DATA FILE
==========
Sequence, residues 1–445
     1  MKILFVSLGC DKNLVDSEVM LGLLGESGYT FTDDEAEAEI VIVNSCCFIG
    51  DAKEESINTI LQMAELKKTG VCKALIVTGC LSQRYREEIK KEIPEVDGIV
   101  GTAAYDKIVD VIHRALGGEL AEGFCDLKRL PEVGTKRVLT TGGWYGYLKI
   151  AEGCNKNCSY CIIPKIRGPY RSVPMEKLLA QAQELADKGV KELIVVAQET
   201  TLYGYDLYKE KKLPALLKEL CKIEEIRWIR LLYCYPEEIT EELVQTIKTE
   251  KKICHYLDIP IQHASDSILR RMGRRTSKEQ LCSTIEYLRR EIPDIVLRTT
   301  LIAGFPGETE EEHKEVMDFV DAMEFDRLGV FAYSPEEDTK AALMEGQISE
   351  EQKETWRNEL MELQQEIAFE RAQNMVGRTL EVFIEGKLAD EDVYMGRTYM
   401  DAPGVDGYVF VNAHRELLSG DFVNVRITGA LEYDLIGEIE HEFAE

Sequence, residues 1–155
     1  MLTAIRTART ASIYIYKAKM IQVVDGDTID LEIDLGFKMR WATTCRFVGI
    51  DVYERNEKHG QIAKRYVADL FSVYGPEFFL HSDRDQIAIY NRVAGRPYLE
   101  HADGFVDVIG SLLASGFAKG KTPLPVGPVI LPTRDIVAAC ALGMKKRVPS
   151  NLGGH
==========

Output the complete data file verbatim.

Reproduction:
Sequence, residues 1–445
     1  MKILFVSLGC DKNLVDSEVM LGLLGESGYT FTDDEAEAEI VIVNSCCFIG
    51  DAKEESINTI LQMAELKKTG VCKALIVTGC LSQRYREEIK KEIPEVDGIV
   101  GTAAYDKIVD VIHRALGGEL AEGFCDLKRL PEVGTKRVLT TGGWYGYLKI
   151  AEGCNKNCSY CIIPKIRGPY RSVPMEKLLA QAQELADKGV KELIVVAQET
   201  TLYGYDLYKE KKLPALLKEL CKIEEIRWIR LLYCYPEEIT EELVQTIKTE
   251  KKICHYLDIP IQHASDSILR RMGRRTSKEQ LCSTIEYLRR EIPDIVLRTT
   301  LIAGFPGETE EEHKEVMDFV DAMEFDRLGV FAYSPEEDTK AALMEGQISE
   351  EQKETWRNEL MELQQEIAFE RAQNMVGRTL EVFIEGKLAD EDVYMGRTYM
   401  DAPGVDGYVF VNAHRELLSG DFVNVRITGA LEYDLIGEIE HEFAE

Sequence, residues 1–155
     1  MLTAIRTART ASIYIYKAKM IQVVDGDTID LEIDLGFKMR WATTCRFVGI
    51  DVYERNEKHG QIAKRYVADL FSVYGPEFFL HSDRDQIAIY NRVAGRPYLE
   101  HADGFVDVIG SLLASGFAKG KTPLPVGPVI LPTRDIVAAC ALGMKKRVPS
   151  NLGGH